Press "Enter" to skip to content

CAFO-Mania Doesn’t Make Burgers Cheaper

Todd Epp notes the irony that, even as the state bribes South Dakota counties to ignore environmental concerns and turn South Dakota into one giant factory feedlot, hamburgers cost more to make in South Dakota than in almost everywhere else in the country:

South Dakota sits in the middle of beef country.

Yet, with cattle feedlots East River and cattle ranches West River, making a homemade hamburger in South Dakota costs the fourth most in the nation at $2.66 cents.

…The five cheapest states are: Arizona ($2.16), Maryland ($2.18), Delaware ($2.18), Pennsylvania ($2.21), and Idaho ($2.23).

The five most expensive states are: Hawaii ($2.75), Minnesota ($2.74), Alaska ($2.71), South Dakota ($2.66), and Ohio ($2.60) [Todd Epp, “A Homemade Burger in South Dakota Will Cost You More Than Most Places,” KELO Radio, 2019.07.05].

Graphic from Emily Jones, "This Is How Much a Hamburger Costs in Your State," Simple Thrifty Living, 2019.07.02.
Graphic from Emily Jones, “This Is How Much a Hamburger Costs in Your State,” Simple Thrifty Living, 2019.07.02.

The folks who compiled these data priced ground beef and other groceries at Walmarts in each state, so local production costs may well be washed out in the vast corporate production chain.

But evidently, more CAFOs don’t bring cheaper burgers—dang, there’s one more thing I probably can’t say in Davison County….


  1. mike from iowa 2019-07-07 15:21

    If my math is correct, each beef passing through NBP cost around 500k, one green card and lord knows what else.

  2. Porter Lansing 2019-07-07 17:45

    The article points out, “It isn’t just the cost of the burger. There’s the cost of condiments, pickles, bun, ketchup, mustard, onions, etc. to also consider.” But, to cost a burger (Chefs do this all day long and you’d better be accurate or the owner goes broke.) there are lots of other costs to include. This is why a Big Mac costs more without the pickles than with the pickles and why Obamacare costs more without pregnancy coverage for older, angry, white, males.

  3. Porter Lansing 2019-07-07 17:50

    *I was thinking like a seller, not a buyer. To be precise, a Big Mac costs more to “sell” without the pickles than it does with the pickles. A Big Mac costs you (the guest) the same, either way.

  4. Debbo 2019-07-07 19:00

    Alaska is most understandable. Hawaii has cattle ranches, but still, their inclusion on the expensive list is reasonable. Minnesota probably has more regulations for quality and care of livestock.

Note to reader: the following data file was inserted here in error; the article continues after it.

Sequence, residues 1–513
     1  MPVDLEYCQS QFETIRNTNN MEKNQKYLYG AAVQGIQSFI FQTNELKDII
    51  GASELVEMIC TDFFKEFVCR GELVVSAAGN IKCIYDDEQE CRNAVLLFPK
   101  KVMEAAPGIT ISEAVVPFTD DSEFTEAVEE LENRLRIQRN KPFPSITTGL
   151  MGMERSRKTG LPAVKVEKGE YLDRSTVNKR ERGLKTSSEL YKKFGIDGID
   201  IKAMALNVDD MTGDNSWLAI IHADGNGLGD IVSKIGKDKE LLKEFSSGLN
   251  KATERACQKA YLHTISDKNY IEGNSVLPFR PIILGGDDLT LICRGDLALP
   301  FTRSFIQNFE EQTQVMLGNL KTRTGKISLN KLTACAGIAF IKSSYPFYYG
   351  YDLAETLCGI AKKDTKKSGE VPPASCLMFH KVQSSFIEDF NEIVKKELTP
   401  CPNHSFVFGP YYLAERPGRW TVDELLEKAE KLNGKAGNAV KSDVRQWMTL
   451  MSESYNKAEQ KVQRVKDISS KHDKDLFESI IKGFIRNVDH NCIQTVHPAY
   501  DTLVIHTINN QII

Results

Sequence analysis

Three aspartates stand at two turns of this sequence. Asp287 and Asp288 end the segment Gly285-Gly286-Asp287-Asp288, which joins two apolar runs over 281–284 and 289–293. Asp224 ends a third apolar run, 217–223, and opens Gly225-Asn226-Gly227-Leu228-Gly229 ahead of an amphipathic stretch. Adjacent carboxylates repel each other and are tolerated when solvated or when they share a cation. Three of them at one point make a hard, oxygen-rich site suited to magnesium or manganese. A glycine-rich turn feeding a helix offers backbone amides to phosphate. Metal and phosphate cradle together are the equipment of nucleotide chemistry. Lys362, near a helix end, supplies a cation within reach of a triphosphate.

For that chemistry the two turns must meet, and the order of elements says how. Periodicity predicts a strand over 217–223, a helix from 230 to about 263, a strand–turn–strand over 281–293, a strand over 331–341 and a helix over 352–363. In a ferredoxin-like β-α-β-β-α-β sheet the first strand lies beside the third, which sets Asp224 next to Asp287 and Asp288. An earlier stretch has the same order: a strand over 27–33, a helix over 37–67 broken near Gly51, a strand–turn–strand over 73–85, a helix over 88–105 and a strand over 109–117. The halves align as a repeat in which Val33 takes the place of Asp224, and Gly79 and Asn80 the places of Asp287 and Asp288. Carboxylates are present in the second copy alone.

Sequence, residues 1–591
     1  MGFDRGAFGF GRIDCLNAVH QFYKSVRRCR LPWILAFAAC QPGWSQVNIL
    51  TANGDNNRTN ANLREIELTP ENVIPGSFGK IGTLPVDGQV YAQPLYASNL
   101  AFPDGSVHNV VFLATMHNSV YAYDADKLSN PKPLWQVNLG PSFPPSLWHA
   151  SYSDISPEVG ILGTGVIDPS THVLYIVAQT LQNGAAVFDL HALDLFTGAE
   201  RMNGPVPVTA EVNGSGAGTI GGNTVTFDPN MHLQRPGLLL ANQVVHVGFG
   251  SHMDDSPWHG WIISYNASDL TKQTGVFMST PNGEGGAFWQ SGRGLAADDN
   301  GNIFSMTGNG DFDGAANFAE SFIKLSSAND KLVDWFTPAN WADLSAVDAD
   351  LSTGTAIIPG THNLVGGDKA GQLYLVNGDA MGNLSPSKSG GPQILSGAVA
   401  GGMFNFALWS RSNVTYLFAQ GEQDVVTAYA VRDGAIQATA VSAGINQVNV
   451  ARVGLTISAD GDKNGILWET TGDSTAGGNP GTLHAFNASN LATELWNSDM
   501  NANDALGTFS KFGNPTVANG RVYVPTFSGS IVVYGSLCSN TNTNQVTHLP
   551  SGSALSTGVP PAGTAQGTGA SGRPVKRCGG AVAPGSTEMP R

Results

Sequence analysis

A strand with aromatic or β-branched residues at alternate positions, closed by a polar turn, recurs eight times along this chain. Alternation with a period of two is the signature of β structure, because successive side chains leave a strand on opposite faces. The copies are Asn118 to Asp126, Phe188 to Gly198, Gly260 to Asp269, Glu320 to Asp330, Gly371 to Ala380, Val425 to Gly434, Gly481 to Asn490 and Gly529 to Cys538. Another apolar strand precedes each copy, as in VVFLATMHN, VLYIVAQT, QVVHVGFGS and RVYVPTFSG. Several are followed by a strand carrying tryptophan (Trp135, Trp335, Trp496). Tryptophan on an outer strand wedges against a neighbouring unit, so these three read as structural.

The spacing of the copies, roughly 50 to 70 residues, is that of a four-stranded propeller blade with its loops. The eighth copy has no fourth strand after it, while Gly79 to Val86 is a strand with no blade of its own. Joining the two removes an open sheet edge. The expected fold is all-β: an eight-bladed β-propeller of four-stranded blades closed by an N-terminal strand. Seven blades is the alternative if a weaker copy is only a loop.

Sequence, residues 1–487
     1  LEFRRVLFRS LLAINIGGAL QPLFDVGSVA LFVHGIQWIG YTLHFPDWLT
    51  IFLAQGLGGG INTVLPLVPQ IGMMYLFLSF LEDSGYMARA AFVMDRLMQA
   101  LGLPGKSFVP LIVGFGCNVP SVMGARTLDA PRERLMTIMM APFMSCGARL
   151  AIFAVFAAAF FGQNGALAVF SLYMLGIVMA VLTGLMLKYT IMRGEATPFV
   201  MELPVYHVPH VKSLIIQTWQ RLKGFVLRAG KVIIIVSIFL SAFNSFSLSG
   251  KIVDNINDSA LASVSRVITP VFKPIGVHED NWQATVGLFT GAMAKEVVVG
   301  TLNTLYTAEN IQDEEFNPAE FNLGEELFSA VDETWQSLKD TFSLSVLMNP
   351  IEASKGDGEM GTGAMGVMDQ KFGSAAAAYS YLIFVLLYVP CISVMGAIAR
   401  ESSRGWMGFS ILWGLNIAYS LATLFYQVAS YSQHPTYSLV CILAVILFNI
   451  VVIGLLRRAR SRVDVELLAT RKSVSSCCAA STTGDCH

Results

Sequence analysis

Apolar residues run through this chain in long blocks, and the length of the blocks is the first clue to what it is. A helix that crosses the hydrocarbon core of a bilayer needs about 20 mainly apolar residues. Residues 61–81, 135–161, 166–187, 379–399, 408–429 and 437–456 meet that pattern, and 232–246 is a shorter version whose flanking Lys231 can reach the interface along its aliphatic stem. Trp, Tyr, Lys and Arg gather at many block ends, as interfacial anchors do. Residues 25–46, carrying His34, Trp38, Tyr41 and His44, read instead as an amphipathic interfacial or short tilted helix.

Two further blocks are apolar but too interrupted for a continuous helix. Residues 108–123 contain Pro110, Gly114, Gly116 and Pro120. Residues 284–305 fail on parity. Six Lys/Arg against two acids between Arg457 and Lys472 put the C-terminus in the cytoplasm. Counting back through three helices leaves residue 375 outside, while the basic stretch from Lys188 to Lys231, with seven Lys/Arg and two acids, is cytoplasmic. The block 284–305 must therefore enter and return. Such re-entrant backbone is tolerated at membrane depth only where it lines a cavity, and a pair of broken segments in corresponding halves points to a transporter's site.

Why SD and Ohio? The SDGOP doesn’t seem to give a damn about the citizens. Hmmmm.

  5. happy camper 2019-07-07 22:30

    Oh, wow, so Lansing finally admits labor costs money especially when mandatory. Assuming Walmart is representative of costs across the country is as a farse finally admitted with they are washed out by the corporate production chain. As always it’s supply and demand, where does our beef go in this “efficient” market. Sellers sell for the most they can get to benefit themselves, kind of like selling a lake home, who takes less than what the market will bring? Nobody not even the Supposed Socialist unless it’s somebody else’s money then it’s easy to be high and mighty.

  6. Cory Allen Heidelberger Post author | 2019-07-08 05:50

    Hap, are you saying the difference is explained entirely by higher demand for homemade hamburgers in the high-price states?

    To test that hypothesis, compare the above map with this map of ground beef demand by state:

    ground beef demand by state—Jayson Lusk, Where Do People Eat the Most Meat? blog, 2017.02.01

    [Jayson Lusk, “Where Do People Eat the Most Meat?”, 2017.02.01″]

    The author of this demand map finds a similar pattern—higher demand in the upper Midwest, lower demand on the coasts—but there are some high-demand states (Indiana, Kentucky, Mississippi, Oklahoma…) with notably lower costs than South Dakota. It would be a lot of fun to get the full dataset and run correlations….

  7. Porter Lansing 2019-07-08 08:14

    The overall meat demand map show me that conservatives don’t like to be told what to do. Even if it’s by their Doctor. (Probably correlates to the previous fatty liver chart, too.)

  8. kj trailer trash 2019-07-08 11:20

    What size burger? Quarter pounder?

  9. Cory Allen Heidelberger Post author | 2019-07-08 12:14

    Serving sizes, from the methodology:

    • 1/4 pound ground beef
    • 1 tsp ketchup
    • 1 tsp mustard
    • 1/5 of an onion
    • 1 hamburger bun
    • 1 tsp mayonnaise
    • 1/4 of a tomato
    • 1 oz pickles
    • 1/8 of a head of lettuce

Leave a Reply

Your email address will not be published.